Climate body says Australia emissions target `not credible`
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Last Updated: Thursday, February 27, 2014, 20:45
  
Sydney: The Australian government's climate change agency warned today that Canberra's five per cent emissions reduction target was "not credible" compared with other countries and called for it to be tripled.

The Climate Change Authority (CCA) said Australia risked losing its competitive edge if it did not accelerate emissions reduction strategies.

Instead of the current commitment to lower greenhouse gas emissions by five percent of 2000 levels by 2020, it said Australia ought to target a minimum reduction of 15 percent.

Doing so would only slow annual growth in average per person income by 0.02 per cent, the authority said in a new report.

"The five percent minimum (at) present isn't credible in terms of the task that has to be done and the time frame," said CCA chairman Bernie Fraser, a former Reserve Bank of Australia governor.

CCA is an independent body set up by the previous Labor government and which the new conservative administration is trying to abolish. The report said Australia's five percent target -- due to be reviewed by the government by April 30 -- was weaker than that of "many other comparable countries".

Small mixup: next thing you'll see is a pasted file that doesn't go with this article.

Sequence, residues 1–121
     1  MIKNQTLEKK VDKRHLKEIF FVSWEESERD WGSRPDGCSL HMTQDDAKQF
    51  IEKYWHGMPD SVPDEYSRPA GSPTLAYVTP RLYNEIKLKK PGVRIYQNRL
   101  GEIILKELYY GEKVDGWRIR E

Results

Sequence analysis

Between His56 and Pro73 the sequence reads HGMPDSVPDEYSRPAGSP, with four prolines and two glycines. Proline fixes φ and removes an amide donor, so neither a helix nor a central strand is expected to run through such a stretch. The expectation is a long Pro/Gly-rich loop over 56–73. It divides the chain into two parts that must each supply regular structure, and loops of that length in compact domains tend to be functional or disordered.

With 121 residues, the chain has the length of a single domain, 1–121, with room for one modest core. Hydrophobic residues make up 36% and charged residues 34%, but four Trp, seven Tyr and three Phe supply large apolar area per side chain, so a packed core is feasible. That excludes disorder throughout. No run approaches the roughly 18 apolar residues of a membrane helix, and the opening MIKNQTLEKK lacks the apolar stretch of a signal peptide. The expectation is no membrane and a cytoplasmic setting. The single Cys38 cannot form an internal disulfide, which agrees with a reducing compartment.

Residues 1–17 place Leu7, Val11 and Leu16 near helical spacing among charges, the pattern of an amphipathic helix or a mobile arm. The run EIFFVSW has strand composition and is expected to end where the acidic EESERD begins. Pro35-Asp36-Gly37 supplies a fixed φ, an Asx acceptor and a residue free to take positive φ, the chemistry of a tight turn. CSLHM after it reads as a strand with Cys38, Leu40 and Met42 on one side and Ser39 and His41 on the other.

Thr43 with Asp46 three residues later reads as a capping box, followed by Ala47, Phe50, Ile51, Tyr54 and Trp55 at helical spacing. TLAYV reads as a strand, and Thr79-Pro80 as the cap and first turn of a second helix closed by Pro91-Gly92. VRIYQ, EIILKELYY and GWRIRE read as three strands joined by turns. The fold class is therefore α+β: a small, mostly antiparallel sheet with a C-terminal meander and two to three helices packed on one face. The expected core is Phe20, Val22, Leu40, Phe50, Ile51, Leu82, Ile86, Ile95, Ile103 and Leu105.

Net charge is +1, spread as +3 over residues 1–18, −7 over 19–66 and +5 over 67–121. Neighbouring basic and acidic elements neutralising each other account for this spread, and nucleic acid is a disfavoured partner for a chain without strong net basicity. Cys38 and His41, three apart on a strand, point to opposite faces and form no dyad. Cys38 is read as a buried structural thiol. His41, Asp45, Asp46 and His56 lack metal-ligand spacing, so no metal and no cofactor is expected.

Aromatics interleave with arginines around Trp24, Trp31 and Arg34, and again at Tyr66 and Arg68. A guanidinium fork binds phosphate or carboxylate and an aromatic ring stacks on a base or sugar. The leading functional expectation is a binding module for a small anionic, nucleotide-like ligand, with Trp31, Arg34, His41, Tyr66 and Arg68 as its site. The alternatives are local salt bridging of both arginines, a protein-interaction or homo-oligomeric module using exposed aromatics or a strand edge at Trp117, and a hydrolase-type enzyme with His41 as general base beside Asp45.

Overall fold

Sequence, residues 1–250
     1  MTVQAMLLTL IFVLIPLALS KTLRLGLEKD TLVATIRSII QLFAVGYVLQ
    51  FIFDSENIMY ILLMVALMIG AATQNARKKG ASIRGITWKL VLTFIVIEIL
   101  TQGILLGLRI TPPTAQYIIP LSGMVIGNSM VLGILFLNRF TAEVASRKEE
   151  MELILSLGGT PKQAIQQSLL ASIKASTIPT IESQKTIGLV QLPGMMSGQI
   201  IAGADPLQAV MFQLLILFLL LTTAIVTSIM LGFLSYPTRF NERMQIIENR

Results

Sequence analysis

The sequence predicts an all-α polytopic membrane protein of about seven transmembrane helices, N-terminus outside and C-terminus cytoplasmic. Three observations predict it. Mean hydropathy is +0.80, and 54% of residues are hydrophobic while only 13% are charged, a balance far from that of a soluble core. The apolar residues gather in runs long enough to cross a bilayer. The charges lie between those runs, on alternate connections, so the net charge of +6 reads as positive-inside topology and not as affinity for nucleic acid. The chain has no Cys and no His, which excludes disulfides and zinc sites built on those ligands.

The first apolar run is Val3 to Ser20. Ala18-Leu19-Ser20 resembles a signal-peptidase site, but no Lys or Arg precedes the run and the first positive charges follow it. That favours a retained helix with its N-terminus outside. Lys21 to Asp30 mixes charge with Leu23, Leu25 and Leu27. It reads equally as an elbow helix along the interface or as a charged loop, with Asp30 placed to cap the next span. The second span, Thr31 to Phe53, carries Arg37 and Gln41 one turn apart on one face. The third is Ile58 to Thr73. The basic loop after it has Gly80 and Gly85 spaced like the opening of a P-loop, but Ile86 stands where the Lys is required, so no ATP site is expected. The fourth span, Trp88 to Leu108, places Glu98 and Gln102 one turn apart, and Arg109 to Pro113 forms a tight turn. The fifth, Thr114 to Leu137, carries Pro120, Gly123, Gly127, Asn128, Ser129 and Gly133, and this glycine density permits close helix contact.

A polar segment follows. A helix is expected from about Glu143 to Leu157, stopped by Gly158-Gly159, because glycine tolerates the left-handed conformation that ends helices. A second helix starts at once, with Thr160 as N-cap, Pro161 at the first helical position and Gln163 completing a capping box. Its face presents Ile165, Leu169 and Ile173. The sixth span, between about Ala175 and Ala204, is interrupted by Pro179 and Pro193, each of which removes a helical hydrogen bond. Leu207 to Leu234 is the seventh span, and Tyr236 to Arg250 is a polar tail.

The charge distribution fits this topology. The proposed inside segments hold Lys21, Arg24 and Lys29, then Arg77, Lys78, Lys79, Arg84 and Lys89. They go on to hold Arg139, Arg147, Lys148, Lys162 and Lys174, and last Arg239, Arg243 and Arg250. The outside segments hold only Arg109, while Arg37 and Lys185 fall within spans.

In the United States the target was a 17 percent reduction on 2005 levels by 2020, Britain was aiming for a 34 percent off 1990 levels and Norway was targeting a 30-40 percent decrease from the same period.

The world's heaviest emitters, China and the US, were both "stepping up their efforts on climate change", the report added, with initiatives including investment in renewable energy, tightening of vehicle emissions standards and local emissions trading pilot schemes.

"A target of 15 percent for Australia would be more in line with the targets being pursued by such countries," the report said.

Prime Minister Tony Abbott once described the science behind man-made climate change as "absolute crap" and dismisses any link between global warming and increasing frequency of events such as drought and wildfires.

AFP

First Published: Thursday, February 27, 2014, 20:45


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